To ‘projectile vomiting’: There is a need to explain the empirical evidence that larger, heavier bullets moving at mild velocities seem to result in more likely and more rapid incapacitation than smaller, lighter projectiles moving at velocities which on paper should give them equal energy. That this has been seen in both hunting and combat is irrefutable. What is wanting is some reasonable explanation of the phenomenon.

        I suggest that it’s a function of perceived impact. Lighter, faster rounds of smaller diameter might tend to deliver less perceived damage as compared to larger, heavier rounds moving more slowly. The ballistic conundrum might have a physiological explanation. I doubt we’ll ever know, since it would require the either the same person being shot in a similar location with various loadings of various calibers to report on it, or else a large sample of people shot in similar locations with various ammunition articulating their perception of the wound.

        • “45 is the most effective in pure performance on target isn’t even open to debate”

          Um, no. With modern ammunition technology, 9mm is the same as 40 and 45. Wound channel findings are identical, 9mm gives me a LOT more capacity, and faster shots on target.

          There is simply no reason to use 40 or 45.

        • If arguing over caliber is considered Projectile Vomit, then arguing over Glock vs. 1911 would have to be Projectile Diarrhea. James Yeager can take his 4th-grade sophistry and cram it.

        • @Lucas D

          Um JY is a veteran, former cop, and trains students from all over. I think he knows a thing or two about guns! If he recommends 9mm, I’m going to listen.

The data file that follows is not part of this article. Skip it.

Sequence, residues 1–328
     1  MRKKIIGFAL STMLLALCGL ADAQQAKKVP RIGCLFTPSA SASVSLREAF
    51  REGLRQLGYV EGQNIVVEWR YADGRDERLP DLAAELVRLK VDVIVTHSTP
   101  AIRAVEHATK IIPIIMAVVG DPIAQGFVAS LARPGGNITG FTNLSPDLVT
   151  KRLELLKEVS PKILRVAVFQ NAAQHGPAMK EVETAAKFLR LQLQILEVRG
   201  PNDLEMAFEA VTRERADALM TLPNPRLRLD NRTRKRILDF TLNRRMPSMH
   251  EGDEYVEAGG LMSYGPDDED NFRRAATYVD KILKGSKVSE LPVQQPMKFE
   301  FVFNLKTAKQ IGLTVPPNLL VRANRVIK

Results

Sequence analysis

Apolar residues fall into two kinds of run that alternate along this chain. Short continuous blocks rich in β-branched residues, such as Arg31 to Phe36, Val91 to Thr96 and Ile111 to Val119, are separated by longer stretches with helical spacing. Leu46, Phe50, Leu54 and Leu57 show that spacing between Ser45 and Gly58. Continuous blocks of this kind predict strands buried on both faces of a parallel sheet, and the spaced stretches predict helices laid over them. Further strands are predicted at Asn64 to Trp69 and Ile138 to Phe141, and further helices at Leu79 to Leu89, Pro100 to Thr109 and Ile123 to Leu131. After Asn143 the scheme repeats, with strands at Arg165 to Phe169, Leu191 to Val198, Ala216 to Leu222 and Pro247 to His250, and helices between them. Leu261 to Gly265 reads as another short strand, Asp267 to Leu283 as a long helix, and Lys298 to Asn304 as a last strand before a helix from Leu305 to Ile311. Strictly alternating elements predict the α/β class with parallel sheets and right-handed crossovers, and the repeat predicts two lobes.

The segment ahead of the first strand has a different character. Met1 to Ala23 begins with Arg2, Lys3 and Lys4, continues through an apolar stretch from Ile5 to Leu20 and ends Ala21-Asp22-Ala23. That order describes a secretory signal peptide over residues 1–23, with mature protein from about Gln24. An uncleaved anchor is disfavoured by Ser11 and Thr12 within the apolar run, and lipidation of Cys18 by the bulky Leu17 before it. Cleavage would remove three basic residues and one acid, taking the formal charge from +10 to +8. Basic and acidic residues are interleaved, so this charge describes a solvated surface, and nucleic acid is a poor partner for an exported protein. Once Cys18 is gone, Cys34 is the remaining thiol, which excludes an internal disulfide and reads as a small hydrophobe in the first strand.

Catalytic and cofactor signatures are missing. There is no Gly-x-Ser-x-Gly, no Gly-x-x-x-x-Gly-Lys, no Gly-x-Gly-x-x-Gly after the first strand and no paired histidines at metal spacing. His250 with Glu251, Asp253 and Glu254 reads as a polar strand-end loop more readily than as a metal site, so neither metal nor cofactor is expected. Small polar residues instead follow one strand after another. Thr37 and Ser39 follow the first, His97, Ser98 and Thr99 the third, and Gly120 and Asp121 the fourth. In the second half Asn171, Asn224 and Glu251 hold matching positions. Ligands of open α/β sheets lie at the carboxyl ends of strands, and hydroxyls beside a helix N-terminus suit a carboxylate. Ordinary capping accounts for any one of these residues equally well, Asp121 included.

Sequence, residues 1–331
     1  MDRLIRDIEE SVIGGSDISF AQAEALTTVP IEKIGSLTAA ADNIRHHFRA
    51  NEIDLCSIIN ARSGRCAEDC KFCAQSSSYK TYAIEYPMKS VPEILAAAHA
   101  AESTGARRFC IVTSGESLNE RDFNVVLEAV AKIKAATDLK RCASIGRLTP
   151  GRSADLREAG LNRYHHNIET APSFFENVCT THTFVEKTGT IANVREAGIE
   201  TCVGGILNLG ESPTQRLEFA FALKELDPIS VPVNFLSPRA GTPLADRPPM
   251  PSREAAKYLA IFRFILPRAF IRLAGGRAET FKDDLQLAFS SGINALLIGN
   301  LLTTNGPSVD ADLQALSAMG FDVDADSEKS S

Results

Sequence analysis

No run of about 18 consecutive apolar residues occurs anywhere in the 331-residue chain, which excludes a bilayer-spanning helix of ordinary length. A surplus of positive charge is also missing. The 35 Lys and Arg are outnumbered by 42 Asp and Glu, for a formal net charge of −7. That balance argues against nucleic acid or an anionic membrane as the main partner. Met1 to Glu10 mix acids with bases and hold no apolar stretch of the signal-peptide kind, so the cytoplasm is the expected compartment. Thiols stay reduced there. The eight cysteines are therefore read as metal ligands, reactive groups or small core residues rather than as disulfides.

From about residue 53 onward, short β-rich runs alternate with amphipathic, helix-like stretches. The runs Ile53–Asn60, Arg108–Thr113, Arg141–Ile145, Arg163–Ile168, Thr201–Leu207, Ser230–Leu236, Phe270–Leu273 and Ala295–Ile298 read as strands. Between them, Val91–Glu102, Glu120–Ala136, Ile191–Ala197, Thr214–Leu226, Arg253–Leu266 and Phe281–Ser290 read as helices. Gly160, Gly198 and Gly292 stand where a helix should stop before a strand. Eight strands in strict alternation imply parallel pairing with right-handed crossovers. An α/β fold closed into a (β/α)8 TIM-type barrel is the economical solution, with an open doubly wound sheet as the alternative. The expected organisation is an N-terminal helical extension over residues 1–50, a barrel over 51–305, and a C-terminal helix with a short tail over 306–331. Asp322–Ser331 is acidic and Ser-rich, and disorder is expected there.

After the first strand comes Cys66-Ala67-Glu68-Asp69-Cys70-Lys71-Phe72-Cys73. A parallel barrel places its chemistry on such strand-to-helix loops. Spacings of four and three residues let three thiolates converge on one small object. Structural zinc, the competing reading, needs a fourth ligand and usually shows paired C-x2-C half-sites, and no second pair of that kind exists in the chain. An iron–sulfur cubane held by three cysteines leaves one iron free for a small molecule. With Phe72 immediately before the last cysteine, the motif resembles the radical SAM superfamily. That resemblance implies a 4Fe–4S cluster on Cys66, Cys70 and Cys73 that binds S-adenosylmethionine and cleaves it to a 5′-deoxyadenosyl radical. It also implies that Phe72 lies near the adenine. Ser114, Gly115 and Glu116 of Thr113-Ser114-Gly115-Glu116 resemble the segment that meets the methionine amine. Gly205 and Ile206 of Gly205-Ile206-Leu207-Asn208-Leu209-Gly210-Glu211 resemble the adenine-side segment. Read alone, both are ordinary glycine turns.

• Never go full Yeager.

          1. He was canned from his hick town police department, oh, wait, not once, but canned twice. He wanted to create a SWAT team for the tiny town.

          2. He is not a veteran. Never served in the military. Pulled a stint as a contractor and managed to screw the pooch in a major way doing that.

          3. He happily takes the money of people who come to him for his brand of tactical ninja training.

          4. He is going to start shooting people!

          Never go full Yeager.

        • Can you really trust a guy that says all guns should be brand X? I personally love CZs but I know that they aren’t the best choice for everybody. If I would recommend a gun it would be what fits your hand (or a CZ).

        • RJ… wow. You need to branch out a little from your JY worship. And even if someone is a “former cop” who trains people, it doesn’t mean they know everything… or anything really… about guns.

          And your statement about calibers is ridiculous. Why would you think the same improvements in 9mm would not also be applied to .45? A 9mm may be able to expand to a .45, but a .45 can expand to a .70. I’m not saying one is better than the other in general, but if you’re looking for a larger perm. wound channel don’t expect the 9mm to perform the same as a .45 (low-velocity cavitation and all that nonsense is a whole other issue).

      • Not a red herring if it is true. Sure, I am fast with a steel framed .45, but I am faster with a steel framed 9×19 mm.

        EDIT: Meant as a reply to the *you bring out the same red herring” comment by Yeah.

        • It’s a red herring when it’s presented as axiomatic. The guy said something about using a .45 and Paul came out with 9mm being necessary for fast shooting.